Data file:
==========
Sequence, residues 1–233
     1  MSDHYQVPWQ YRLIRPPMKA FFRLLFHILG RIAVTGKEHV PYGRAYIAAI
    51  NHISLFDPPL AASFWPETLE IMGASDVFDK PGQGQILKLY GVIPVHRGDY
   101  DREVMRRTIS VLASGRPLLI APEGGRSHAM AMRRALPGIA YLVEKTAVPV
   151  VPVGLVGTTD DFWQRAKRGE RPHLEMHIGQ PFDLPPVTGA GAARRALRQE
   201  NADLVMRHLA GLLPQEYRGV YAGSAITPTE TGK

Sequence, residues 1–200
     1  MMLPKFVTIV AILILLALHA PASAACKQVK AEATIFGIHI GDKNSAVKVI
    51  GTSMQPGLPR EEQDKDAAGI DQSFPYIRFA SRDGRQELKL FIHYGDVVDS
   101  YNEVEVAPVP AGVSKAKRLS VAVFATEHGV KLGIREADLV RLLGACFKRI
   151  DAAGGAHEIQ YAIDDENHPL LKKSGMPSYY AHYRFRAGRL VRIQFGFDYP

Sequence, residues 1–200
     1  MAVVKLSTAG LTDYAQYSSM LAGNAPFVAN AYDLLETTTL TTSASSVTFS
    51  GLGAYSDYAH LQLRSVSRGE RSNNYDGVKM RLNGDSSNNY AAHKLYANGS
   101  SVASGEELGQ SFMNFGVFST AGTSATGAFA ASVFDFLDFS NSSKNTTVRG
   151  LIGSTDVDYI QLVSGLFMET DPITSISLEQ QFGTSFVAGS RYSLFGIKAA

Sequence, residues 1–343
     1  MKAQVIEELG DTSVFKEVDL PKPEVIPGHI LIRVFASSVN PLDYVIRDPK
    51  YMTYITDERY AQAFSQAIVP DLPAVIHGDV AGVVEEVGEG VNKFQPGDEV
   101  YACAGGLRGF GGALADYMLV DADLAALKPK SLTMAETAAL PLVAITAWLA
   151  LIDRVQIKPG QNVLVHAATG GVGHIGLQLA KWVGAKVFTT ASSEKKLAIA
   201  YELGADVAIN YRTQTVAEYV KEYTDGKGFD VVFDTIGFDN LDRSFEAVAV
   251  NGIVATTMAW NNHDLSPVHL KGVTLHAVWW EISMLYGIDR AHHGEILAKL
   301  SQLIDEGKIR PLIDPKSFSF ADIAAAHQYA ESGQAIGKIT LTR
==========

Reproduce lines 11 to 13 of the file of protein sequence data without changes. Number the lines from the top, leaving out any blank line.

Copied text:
   151  DAAGGAHEIQ YAIDDENHPL LKKSGMPSYY AHYRFRAGRL VRIQFGFDYP

Sequence, residues 1–200
     1  MAVVKLSTAG LTDYAQYSSM LAGNAPFVAN AYDLLETTTL TTSASSVTFS